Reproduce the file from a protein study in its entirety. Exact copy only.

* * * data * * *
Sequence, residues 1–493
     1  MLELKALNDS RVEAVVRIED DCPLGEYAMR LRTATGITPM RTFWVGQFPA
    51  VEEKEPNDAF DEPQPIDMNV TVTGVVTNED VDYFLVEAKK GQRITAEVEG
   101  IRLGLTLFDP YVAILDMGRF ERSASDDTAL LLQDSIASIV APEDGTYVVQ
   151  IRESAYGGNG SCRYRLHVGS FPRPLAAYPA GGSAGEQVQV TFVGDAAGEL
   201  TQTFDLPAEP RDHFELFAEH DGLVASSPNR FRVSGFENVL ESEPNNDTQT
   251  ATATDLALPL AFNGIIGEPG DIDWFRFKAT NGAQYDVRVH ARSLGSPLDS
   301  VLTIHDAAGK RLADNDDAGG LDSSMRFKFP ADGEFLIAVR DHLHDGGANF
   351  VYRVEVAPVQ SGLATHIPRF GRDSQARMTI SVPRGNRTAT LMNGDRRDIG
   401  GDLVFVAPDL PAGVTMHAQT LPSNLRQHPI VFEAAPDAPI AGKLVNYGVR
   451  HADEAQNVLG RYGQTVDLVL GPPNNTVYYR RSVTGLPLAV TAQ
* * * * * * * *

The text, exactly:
Sequence, residues 1–493
     1  MLELKALNDS RVEAVVRIED DCPLGEYAMR LRTATGITPM RTFWVGQFPA
    51  VEEKEPNDAF DEPQPIDMNV TVTGVVTNED VDYFLVEAKK GQRITAEVEG
   101  IRLGLTLFDP YVAILDMGRF ERSASDDTAL LLQDSIASIV APEDGTYVVQ
   151  IRESAYGGNG SCRYRLHVGS FPRPLAAYPA GGSAGEQVQV TFVGDAAGEL
   201  TQTFDLPAEP RDHFELFAEH DGLVASSPNR FRVSGFENVL ESEPNNDTQT
   251  ATATDLALPL AFNGIIGEPG DIDWFRFKAT NGAQYDVRVH ARSLGSPLDS
   301  VLTIHDAAGK RLADNDDAGG LDSSMRFKFP ADGEFLIAVR DHLHDGGANF
   351  VYRVEVAPVQ SGLATHIPRF GRDSQARMTI SVPRGNRTAT LMNGDRRDIG
   401  GDLVFVAPDL PAGVTMHAQT LPSNLRQHPI VFEAAPDAPI AGKLVNYGVR
   451  HADEAQNVLG RYGQTVDLVL GPPNNTVYYR RSVTGLPLAV TAQ